How do we pay for long-term health care?

I checked out the possibility of a long-term care insurance policy when I
turned 53. I had read so much about it and I was encouraging my students to check
out whether insurance worked for them. I decided I should do so myself. When I received a solicitation from one of the long-term companies, I asked them for a quote.
Long-term care begins when a person can¹t take care of themselves. We all go through periods when we need help taking care of ourselves, but most of these are short-term situations such as a flu, a broken bone, a temporary illness. Long-term care illnesses by definition, last a long time. They are chronic illnesses or disabilities that are expected to last more than three months. The Congressional Budget office defines long term care as “the medical, social, personal care, and supportive services needed by people who
have lost some capacity for self-care because of a chronic illness or condition.”
Long-term care can occur in a nursing facility, an assisted living, or in the home. Who receives long-term care? Researchers estimate that about 2% of those under 65 use long-term care (3.3 million people). About 17 percent, or about 5.6 million people, over the age of 65 use long-term care. About two-thirds of long-term health care is for older disabled persons and 1/3 for younger disabled persons.
Who pays for long-term care? It’s a mixed bag. Usually it¹s the person in need through their personal savings and the government health care program for the poor, Medicaid. Together these two sources cover most of the cost of long-term care services. About $43 billion from each source. Medicaid, however, only covers you when your poor, when you¹ve used up all your assets and income to pay for medical care and there¹s not enough left for anything else. Medicare will not cover your long-term care expenses. Read my lips: Medicare will not cover your long-term care expenses. Medicare covers acute care like hospitalizations and doctor¹s visits and some pharmaceutical drugs. Medicare covers your therapy after a hospitalization, even if that therapy occurs in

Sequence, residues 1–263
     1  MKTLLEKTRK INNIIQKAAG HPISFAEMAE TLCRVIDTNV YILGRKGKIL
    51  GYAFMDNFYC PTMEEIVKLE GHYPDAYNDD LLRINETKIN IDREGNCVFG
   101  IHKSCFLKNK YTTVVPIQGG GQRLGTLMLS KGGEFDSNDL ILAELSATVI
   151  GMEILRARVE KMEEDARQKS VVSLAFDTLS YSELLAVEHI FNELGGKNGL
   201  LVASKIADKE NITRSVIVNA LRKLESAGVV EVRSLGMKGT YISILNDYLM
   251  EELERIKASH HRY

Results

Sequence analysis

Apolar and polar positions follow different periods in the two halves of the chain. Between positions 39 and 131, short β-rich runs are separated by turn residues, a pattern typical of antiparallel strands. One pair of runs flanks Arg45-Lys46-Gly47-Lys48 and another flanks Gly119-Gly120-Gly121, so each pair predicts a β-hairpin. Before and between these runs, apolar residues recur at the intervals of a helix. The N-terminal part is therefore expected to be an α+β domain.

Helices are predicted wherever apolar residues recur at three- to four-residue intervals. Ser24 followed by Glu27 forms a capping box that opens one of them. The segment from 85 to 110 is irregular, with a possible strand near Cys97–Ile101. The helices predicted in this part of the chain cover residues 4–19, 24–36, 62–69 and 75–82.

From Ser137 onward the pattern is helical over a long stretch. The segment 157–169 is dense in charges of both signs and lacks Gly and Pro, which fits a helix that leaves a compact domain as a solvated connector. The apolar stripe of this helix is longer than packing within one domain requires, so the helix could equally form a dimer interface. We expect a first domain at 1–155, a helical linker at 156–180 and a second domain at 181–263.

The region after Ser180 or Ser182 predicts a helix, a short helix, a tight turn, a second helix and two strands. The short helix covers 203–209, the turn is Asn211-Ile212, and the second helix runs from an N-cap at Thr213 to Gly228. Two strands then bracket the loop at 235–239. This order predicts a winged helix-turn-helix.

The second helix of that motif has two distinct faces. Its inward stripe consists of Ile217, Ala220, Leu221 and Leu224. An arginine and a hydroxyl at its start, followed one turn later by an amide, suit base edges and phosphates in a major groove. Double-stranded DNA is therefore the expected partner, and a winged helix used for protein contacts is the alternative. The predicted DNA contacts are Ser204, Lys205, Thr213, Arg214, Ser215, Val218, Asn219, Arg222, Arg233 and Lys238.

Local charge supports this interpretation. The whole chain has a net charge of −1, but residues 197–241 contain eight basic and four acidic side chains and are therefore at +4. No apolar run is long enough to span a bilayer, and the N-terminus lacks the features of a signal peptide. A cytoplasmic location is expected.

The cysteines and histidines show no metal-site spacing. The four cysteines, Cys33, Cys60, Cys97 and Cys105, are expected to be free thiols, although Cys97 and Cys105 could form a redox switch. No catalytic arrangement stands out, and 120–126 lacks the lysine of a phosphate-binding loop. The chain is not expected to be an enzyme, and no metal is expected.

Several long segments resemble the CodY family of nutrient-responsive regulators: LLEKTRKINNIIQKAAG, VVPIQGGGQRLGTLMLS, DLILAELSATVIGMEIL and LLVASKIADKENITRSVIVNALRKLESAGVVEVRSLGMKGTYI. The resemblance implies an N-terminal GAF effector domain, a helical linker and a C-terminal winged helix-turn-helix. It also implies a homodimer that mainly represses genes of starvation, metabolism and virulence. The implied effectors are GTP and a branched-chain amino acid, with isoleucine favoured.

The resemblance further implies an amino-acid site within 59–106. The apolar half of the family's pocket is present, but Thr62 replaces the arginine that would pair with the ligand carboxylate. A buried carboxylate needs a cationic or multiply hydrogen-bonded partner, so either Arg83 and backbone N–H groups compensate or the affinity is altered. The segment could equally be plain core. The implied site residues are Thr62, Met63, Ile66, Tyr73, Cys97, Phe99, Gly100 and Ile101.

a long-term care facility like a nursing home. If you learn anything from this piece, learn this: Medicare will NOT cover your long-term care expenses.
Confusing? It sure is. Here¹s how it often works. Your Aunt Abby, who lives alone, has a severe stroke and can¹t look after herself anymore. For a while she may be able to get long-term care services in her community by paying for home care. But, eventually she needs a nursing home with a cost of $60,000+ per year. She can¹t afford that. She lives on a small pension and Social Security. Most of her wealth is in her home. So she sells her house for, say $240,000, and she can pay for the nursing home for four years. After the four years she still needs care and the nursing home social worker gets her on Medicaid because Aunt Abby can¹t pay her nursing home bill. (And neither can her family pay out $60,000 per year.) From then on, Medicaid pays the bill. But Medicaid doesn¹t pay the nursing facilities very much for the care so they really don¹t want Aunt Abby when she¹s on Medicaid. Most would continue to care for her, but some will reduce
the level of her care. She may have to move from a private room to a semi-private room. Some may not accept her back if she is hospitalized.
So, unless you expect to use Medicaid, the government program for the poor, you need to figure out how you will cover your long-term care expenses. First option is to save enough, on top of your retirement, to handle long-term care expenses. Second option is the growing choice of long-term care insurance policies. The policies are improving. It¹s hard to craft a policy that will hold up over the course of 30-plus years in terms of benefits and appropriate cost. And each person¹s circumstances are different. People with large supportive families may not need a formal long-term care insurance policy. But a single woman, given a long life expectancy, who does not anticipate having children